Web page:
Three GOP lawmakers introduced a bill this week banning abortion at conception. Though it’s unlikely to get a vote as written, it is the opening salvo in what’s expected to be a fierce fight to drastically restrict abortion access here.
North Carolina Republicans introduced a bill this week that would ban abortions in the state from the moment of conception, a move that health professionals and reproductive rights groups have long warned about.
While this specific bill is unlikely to be put to a vote as is, it is the opening salvo in what is expected to be a fierce fight from Republicans to drastically restrict abortion access beyond the current 20-week ban.
Any ban, nearly all doctors and medical experts say, is dangerous to the mother and creates a chaotic healthcare system that leaves doctors afraid to respond in an emergency, threatens maternal care in rural hospitals and discourages new doctors from moving to the state.
The bill, House Bill 533, would make it a felony for anyone to “perform, induce or attempt” an abortion at any stage of the pregnancy, though it does spell out specific exceptions for miscarriages, ectopic pregnancies and other threats to “the life of the mother.”
Healthcare professionals, however, are also nearly unanimous in warning that there are no legislative exceptions that can anticipate the range of unexpected developments in a given pregnancy. That means that doctors in states already with outright bans have been hesitant to give life-saving care for fear of losing their license or facing criminal prosecution, even when there are “life of the mother” exceptions in the state’s law.
HB 533, for example, allows for “reasonable medical judgment” from a “reasonably prudent physician knowledgeable about a [given] case.” But it does not say who defines reasonable, meaning a prosecutor would be in a position to decide what, ultimately, was a legitimate threat to a doctor’s patient.
This environment, a group of more than 1,100 North Carolina health officials told lawmakers in February, threatens doctors’ livelihoods and their patients’ lives.
“There is no way to safely implement a ban on abortion at any gestational age without harming women and the people who love them,” Dr. Alison Stuebe, a physician who cares for high-risk pregnancies, said in a news conference last month.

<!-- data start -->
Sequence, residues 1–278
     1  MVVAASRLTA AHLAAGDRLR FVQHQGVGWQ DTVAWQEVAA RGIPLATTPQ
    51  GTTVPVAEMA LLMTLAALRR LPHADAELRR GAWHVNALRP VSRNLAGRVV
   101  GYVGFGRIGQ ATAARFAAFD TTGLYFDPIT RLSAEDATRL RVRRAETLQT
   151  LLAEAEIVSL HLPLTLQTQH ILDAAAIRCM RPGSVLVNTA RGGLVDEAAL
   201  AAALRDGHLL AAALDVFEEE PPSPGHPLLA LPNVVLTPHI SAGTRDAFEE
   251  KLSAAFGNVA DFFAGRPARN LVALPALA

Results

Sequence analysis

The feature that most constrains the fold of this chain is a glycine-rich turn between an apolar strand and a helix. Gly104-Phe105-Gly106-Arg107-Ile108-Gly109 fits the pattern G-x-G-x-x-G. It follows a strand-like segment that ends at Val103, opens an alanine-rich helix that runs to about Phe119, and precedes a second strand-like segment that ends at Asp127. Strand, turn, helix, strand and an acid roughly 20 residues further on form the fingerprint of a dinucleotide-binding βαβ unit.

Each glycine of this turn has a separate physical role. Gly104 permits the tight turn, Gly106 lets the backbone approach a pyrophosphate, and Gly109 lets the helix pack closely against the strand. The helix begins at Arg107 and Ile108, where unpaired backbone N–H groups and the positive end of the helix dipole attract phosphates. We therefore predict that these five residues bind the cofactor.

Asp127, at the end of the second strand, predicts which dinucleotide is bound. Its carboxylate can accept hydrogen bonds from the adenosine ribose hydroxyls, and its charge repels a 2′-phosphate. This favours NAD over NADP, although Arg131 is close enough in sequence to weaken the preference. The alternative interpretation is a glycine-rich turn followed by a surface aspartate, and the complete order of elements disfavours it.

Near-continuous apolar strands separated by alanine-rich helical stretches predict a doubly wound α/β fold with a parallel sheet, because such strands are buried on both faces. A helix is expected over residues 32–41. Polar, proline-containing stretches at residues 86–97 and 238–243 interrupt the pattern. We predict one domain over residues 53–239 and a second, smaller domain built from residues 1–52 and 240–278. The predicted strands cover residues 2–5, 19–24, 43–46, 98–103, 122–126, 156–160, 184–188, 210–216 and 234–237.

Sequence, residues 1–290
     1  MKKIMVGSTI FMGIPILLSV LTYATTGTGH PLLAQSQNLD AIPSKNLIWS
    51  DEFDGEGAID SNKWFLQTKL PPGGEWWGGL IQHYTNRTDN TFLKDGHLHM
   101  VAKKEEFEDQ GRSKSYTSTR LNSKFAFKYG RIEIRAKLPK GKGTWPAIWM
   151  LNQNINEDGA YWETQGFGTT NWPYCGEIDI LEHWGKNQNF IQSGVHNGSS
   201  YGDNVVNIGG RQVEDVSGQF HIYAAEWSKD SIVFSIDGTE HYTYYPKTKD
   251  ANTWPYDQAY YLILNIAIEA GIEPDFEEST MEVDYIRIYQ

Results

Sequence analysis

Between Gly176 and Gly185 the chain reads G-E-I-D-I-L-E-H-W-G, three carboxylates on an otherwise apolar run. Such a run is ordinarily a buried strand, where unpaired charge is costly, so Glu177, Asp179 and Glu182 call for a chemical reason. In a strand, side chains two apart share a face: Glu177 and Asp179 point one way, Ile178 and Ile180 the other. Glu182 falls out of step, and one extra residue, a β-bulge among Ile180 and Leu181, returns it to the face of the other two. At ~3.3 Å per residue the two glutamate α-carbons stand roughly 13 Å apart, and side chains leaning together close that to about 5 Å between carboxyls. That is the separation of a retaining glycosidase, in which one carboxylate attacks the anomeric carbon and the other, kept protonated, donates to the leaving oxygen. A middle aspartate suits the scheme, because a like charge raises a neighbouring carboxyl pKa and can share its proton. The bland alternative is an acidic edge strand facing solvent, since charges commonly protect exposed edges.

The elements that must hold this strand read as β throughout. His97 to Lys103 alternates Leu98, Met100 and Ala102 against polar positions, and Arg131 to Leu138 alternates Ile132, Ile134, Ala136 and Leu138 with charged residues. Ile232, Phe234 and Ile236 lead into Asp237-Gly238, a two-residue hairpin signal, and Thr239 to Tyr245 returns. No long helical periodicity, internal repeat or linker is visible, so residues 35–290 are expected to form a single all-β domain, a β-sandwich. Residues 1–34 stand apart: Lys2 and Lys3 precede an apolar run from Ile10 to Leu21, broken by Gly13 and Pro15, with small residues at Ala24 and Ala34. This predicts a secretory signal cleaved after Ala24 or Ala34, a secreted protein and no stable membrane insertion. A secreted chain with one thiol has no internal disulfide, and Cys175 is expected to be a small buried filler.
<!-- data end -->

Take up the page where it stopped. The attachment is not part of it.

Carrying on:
(Reps. Kidwell, Moss and Goodwin were also among a larger group of sponsors of the Medical Freedom Act, a bill that says it is up to the individual whether they want to get a vaccine that would help protect themselves and their community.)
Though the vast majority of Republicans in the NC legislature support more abortion restrictions, a full ban is unlikely to ever get a vote.
Republicans have been working in private to decide on a formal bill, ranging from a 6-week ban to a first-trimester ban, and GOP leadership distanced themselves from HR 533 and a conception ban after it was introduced.
“HB 533 does not reflect the work of the working group or the consensus product we expect to emerge from those discussions,” Demi Dowdy, a spokesperson for House Speaker Tim Moore told the News and Observer on Thursday.
An Unpopular Proposal
Democrats, however, were united in their objections and alarm.
House Democratic Leader Rep. Robert Reives, (Chatham Co) told us on Thursday that though he had not yet read the bill closely, a ban starting at conception would be a non-starter with his party and the state as a whole.
“Obviously there’s nobody on the Democratic side that I believe would support that,” Reives said, and “I don’t believe that the majority of North Carolinians would support that.”
And because the majority of the legislature, “is a bunch of men,” he added, “I just struggle with us making those decisions.”
Because beyond the very real health and medical consequences associated with abortion restrictions, they are at their root an attack on reproductive freedom and autonomy.
“Women’s History Month is coming to an end,” Rep. Diamond Staton-Williams (Cabarrus) wrote on Twitter after the bill was introduced, “and it’s been painfully obvious in the legislative building this week.”
In addition to pushing through legislation that will make it easier for domestic abusers to buy a handgun, lawmakers “also decided women needed legislators making their healthcare decisions for them,” she wrote.
“And despite the fact that my colleagues trust domestic abusers with guns, they cannot find it in them to trust women and doctors with healthcare decisions,” she added.
“Women will be paying the price for this reckless legislation.”
Originally published by The 19th BIRMINGHAM, Ala. — LaTorya Beasley had her first child through in vitro fertilization (IVF) in 2022, and by...
Leading up to the 2016 election, Donald Trump crafted an image of himself as a successful businessman and a winner. But in reality, Trump has a long...
Public interest lawyers help tens of thousands of people a year. So why does NC’s latest budget target them?
In September, the Republican-controlled General Assembly passed a budget excluding Legal Aid of North Carolina attorneys from receiving tuition...
As this small Bertie County town sees its population fall, a rich history is being left behind. Here's a closer look at the historic landmarks that...